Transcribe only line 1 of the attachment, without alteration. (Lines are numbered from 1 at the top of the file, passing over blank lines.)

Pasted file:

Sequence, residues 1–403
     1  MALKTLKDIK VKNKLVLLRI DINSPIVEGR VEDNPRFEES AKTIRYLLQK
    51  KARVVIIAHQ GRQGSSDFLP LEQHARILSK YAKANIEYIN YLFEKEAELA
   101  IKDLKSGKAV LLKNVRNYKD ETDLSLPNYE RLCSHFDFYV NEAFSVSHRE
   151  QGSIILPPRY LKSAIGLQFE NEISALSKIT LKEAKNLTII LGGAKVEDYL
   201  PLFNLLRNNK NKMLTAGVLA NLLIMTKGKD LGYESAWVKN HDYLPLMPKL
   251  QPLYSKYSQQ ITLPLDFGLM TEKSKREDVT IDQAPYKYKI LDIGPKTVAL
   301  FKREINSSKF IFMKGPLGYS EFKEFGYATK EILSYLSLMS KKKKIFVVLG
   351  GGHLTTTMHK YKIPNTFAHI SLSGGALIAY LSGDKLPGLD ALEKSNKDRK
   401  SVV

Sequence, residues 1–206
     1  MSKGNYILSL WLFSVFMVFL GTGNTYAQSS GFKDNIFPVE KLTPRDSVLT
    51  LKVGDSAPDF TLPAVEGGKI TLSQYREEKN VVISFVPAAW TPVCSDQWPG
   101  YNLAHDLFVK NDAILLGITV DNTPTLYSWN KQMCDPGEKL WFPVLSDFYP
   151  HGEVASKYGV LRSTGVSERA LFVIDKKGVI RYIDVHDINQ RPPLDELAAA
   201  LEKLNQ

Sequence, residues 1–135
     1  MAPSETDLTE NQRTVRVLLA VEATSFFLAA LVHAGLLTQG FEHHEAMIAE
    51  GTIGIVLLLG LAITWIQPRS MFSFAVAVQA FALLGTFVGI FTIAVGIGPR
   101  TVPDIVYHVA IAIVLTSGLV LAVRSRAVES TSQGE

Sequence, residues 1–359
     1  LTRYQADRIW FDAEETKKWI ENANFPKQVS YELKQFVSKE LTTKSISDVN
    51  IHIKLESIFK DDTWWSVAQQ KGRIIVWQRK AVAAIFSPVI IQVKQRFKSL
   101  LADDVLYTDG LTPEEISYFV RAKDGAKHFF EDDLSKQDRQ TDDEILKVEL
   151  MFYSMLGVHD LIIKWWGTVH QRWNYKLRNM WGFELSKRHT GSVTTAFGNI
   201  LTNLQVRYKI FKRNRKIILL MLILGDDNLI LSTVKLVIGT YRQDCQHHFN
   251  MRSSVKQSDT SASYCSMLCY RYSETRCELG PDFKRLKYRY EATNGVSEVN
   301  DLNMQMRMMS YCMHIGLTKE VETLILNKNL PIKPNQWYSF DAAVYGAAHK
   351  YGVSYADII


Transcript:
Sequence, residues 1–403